Demographics

Between the 11th and 15th of October 2013 995 members of the MMD Labo monitor group completed a private internet-based questionnaire. All of them had purchased a mobile phone between April and September of 2013, and all were aged over 18 but under 65 years old, but no further demographics were given.

Note that regarding Q1SQ2, docomo only sells the newer iPhones 5s and 5c, yet even though they only came out on the 20th of September, they made up nearly 20% of docomo’s sales in just 5% of the half-year measured! They also made up nearly 25% of SoftBank’s sales, but that could be explained by people holding off upgrading until the new model came out.
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BYOD corporate security pretty much non-existent

Are workspace security measures for smartphone BYOD needed? graph of japanese statisticsMobile Marketing Data Labo recently conducted their second regular survey into using one’s personal smartphone at work, or BYOD, Bring Your Own Device, as it is commonly known as.

Demographics

Between the 19th and 22nd of August 2013 1,002 members of the MMD monitor group who used a personal smartphone in a business setting completed a private internet-based questionnaire. The only demographic information provided was that they were all aged between 20 and 49 years old.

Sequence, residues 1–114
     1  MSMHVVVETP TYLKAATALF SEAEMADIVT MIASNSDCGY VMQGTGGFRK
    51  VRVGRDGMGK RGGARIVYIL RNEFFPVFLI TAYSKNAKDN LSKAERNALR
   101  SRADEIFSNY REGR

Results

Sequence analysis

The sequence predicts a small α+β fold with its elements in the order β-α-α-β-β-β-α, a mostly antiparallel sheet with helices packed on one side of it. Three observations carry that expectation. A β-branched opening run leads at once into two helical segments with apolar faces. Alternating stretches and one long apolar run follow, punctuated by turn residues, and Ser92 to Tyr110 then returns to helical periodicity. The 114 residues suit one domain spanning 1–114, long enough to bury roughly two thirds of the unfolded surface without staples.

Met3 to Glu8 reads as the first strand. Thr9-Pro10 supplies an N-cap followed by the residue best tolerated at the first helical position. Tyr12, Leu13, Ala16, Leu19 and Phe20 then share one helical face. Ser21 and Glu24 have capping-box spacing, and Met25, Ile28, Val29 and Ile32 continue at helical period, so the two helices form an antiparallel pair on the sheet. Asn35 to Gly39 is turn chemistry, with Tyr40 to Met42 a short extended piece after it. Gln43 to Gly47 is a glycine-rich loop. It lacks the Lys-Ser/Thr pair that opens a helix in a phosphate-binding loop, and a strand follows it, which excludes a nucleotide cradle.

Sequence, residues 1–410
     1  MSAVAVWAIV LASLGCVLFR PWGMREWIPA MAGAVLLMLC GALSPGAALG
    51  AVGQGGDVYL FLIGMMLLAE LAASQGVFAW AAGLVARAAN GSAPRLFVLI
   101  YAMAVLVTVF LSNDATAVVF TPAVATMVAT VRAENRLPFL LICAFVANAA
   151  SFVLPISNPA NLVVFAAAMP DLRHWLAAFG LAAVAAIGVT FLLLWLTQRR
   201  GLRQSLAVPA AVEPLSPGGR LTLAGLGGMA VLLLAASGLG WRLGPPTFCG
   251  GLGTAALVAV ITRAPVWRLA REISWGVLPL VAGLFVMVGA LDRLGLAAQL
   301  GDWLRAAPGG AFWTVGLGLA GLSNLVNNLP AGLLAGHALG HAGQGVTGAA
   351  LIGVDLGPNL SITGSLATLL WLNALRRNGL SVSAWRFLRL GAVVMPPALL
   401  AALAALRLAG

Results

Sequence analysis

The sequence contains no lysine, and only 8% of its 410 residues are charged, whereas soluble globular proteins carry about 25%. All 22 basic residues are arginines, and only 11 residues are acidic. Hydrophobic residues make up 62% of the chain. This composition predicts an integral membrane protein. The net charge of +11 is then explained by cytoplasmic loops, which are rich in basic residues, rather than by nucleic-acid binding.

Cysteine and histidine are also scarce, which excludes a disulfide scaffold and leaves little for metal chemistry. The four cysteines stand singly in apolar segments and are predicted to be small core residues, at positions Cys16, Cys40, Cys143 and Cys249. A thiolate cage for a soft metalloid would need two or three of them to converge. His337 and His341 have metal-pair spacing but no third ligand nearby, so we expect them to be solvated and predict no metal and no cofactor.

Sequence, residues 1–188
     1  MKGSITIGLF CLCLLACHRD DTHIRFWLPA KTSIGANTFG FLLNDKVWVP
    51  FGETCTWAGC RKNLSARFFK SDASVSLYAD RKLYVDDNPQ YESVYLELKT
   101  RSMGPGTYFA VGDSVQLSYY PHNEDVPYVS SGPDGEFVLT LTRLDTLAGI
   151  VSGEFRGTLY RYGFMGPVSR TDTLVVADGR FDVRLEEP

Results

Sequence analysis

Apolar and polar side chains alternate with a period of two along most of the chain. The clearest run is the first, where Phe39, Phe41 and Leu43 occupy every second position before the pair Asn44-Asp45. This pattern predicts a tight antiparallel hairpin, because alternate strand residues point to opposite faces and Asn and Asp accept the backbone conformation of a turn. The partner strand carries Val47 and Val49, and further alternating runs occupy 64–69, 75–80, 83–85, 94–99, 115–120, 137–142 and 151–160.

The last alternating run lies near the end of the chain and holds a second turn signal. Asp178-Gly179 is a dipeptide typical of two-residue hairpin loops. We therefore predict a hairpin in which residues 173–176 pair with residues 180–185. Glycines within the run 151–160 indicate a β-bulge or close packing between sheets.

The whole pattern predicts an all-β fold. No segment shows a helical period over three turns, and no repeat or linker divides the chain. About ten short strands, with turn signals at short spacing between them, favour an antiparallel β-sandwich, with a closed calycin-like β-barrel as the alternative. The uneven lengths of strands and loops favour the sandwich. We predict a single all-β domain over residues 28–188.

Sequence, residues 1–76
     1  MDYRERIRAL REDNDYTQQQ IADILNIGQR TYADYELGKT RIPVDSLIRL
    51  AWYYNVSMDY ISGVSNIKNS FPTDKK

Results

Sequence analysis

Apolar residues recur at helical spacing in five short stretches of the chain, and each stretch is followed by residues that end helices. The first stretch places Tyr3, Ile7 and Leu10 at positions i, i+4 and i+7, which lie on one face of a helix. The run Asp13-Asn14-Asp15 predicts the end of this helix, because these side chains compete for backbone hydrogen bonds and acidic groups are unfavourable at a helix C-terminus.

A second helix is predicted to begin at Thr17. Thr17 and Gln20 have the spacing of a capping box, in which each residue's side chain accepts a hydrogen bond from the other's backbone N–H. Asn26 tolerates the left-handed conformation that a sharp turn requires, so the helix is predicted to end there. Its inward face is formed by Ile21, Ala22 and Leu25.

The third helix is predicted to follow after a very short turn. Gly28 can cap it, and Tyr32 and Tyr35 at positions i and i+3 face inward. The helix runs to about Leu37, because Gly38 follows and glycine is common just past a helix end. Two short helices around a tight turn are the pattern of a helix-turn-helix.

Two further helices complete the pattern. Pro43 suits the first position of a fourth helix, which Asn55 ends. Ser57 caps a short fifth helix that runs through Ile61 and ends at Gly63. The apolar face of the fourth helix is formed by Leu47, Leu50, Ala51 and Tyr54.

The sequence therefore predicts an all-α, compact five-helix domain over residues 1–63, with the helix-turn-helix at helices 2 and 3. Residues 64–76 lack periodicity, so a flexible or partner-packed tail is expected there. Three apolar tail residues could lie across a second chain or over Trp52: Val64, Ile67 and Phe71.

Our company’s policy is that BYOD is forbidden in general, but with special exceptions for reading email via a thin client-style application that ensures no messages are ever saved locally. However, this survey shows that there are very few companies with formal policies in place, which I strongly feel is a disaster waiting to happen.
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Smart appliances: Panasonic in the lead

Have you heard of smartphone-ready home appliances? graph of japanese statistics

japan.internet.com reported on a subject that I know more about than I can tell you, that of smartphone-ready home appliances, in a survey conducted by goo Research.

Demographics

Between the 20th and 25th of September 2013 1,082 members of the goo Research online monitor panel completed a private intenet-based questionnaire. 53.7% of the sample were male, 13.7% in their teens, 15.8% in their twenties, 21.7% in their thirties, 17.1% in their forties, 14.6% in their fifties, and 17.1% aged sixty or older.

Here’s a demo from last year’s CEATEC (Japan’s biggest consumer electronics show) where Sharp showed off their take on a Roomba.


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LINE: ubiquitous with female teens, popular even with over-fifties

Teenage girls, do you use LINE? graph of japanese statisticsLife Media’s Research Bank recently conducted a survey into the free chat app LINE. The report linked to on japan.internet.com is just some highlights, but the full report is available on Life Media’s site.

Demographics

Between the 21st and 26th of August 2013 2,000 members of the Research Bank monitor group who were smartphone owners completed a private internet (most likely via smartphone) questionnaire. The sample was exactly 50:0 male and female, and 20:20:20:20:20 for the age groups of teens, twenties, thirties, forties and fifty-pluses.

I avoid LINE because I worry about the fact that it slurps your address book up to their servers, and anyway I prefer Google Hangouts, not that I use that much anyway.